Beatrice Bush Bixler
A 20th Century Alliance Musician
Jeffrey A. Mackey
One evening on the Moody Radio, Bill Pearce, the host of Nightsounds, a broadcast begun during World War II, played a beautiful choir arrangement of an outstanding hymn of testimony. A few weeks later, he received a letter from a young mother, who, with her little boy, had been listening to that particular broadcast. The mother told how, with great interest, her little fellow listened to that particular song. Days later he asked her, “Mommy, when will that man play that song again?” “Which song?” his mother inquired. “The one that said, ‘no more a stranger he is the Lone Ranger….” Well of course the little fellow’s mommy, and Mr. Pearce found this adorably sweet and decidedly cute, and so he shared the letter with his listeners. He then explained that the letter referred to the lovely song, Life is a Symphony. The words and music of that enduring hymn were penned by one of the twentieth century’s most prolific song writers, pianists, and vocalists, Beatrice Bush Bixler. “Bea,” as she is known by so many made her entry into Christian music with the success of that song which was often included at Youth for Christ rallies around the mid-Western United States. It is a favorite of many, still today.
In the sleepy little town of Waverly on the Southern Tier of New York State, in 1916, a little girl was born to Mr. & Mrs. Will Bush. She was a weak and unwell child and one day as her mother was hanging the laundry in their back yard to dry, a neighbor inquired as to Bea’s health. Her mother reported that it was less than acceptable, and the neighbor said she would ask the people of her local church to join her in prayer for the healing and health of this little one. Her church had as one of its central teachings that Christ was the healer. Not long after, Bea made a recovery and became well and strong. Not long after her healing her family began faithful attendance at that very church. Bea, subsequently, had a healthy childhood, and would, while still a child, begin learning to play and to love the piano. She learned and improved so rapidly, that soon she was playing both by ear and by memorization; she was improvising; playing in the “evangelistic style” of the early twentieth century; and soon was playing in the evening services in that local church whose members had prayed for her healing. The church Bea, and her parents along with her mother’s seven sisters and their families would subsequently join, was the Waverly, New York Christian & Missionary Alliance Church [no less than seven full time pastors and missionaries of the C & M A came from the children of these eight sisters, and of their grandchildren over two dozen entered full-time Christian ministry]. Here, at that not-so-large Waverly church, she learned to play duets with her being at the piano and the church organist at the console. Her abilities were being widely recognized. Soon she was playing for the local youth organizations as well as in other area churches.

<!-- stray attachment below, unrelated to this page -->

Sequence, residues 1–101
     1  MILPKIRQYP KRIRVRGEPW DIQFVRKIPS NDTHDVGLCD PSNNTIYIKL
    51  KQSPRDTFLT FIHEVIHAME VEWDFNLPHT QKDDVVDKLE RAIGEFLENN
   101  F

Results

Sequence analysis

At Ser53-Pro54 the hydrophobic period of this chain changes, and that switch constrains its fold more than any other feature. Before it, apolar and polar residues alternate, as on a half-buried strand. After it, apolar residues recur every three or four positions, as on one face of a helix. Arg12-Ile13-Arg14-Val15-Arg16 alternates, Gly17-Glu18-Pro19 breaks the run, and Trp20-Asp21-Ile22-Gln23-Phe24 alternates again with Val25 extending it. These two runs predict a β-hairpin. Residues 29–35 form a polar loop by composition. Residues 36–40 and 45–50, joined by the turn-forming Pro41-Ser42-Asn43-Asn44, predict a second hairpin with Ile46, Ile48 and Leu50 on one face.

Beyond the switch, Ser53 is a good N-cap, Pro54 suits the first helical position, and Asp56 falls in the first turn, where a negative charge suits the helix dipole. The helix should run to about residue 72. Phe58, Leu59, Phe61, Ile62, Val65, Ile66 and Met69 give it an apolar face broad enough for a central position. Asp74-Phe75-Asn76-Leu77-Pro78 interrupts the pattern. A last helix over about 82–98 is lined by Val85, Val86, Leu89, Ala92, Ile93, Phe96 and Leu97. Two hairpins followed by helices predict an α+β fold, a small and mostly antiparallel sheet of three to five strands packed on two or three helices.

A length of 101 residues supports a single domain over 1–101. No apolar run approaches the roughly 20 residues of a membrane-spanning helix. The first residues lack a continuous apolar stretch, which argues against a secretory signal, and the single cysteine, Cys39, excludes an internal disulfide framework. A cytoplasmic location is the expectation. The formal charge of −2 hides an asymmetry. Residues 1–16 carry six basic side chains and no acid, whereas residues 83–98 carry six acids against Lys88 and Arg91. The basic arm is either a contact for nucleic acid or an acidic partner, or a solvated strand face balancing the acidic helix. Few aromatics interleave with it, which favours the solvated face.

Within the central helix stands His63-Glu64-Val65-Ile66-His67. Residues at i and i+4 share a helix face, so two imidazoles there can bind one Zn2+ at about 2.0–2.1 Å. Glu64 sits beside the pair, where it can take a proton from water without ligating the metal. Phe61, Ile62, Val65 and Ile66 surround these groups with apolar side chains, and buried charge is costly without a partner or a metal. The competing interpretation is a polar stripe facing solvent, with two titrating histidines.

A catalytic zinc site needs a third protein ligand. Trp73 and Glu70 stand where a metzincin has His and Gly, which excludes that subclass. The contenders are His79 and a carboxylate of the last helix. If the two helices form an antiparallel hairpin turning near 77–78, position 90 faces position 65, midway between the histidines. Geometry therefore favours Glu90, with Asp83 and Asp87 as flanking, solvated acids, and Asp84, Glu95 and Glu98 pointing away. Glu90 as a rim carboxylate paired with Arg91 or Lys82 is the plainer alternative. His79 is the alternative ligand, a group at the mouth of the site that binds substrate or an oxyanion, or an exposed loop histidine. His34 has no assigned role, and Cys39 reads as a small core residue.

Recognizing that she had God-given gifts in the area of music, Bea left for The Missionary Training Institute [now Nyack College] in Nyack, New York to major in piano and voice. There she progressed so far that it was acknowledged that the faculty there could take her no further and thus she transferred to Houghton College in Western New York. She excelled in piano, voice, and composition. Her grasp of musical theory was highly advanced. All during this time she was actively playing for Gospel quartets, choirs, local churches, and for college touring groups. Her abilities were readily recognized and lauded. During many of these years and immediately after the completion of her musical training she travelled with the Bosworth Brothers Evangelistic team as their pianist and lead soloist. Youth for Christ continued to use Bea as well.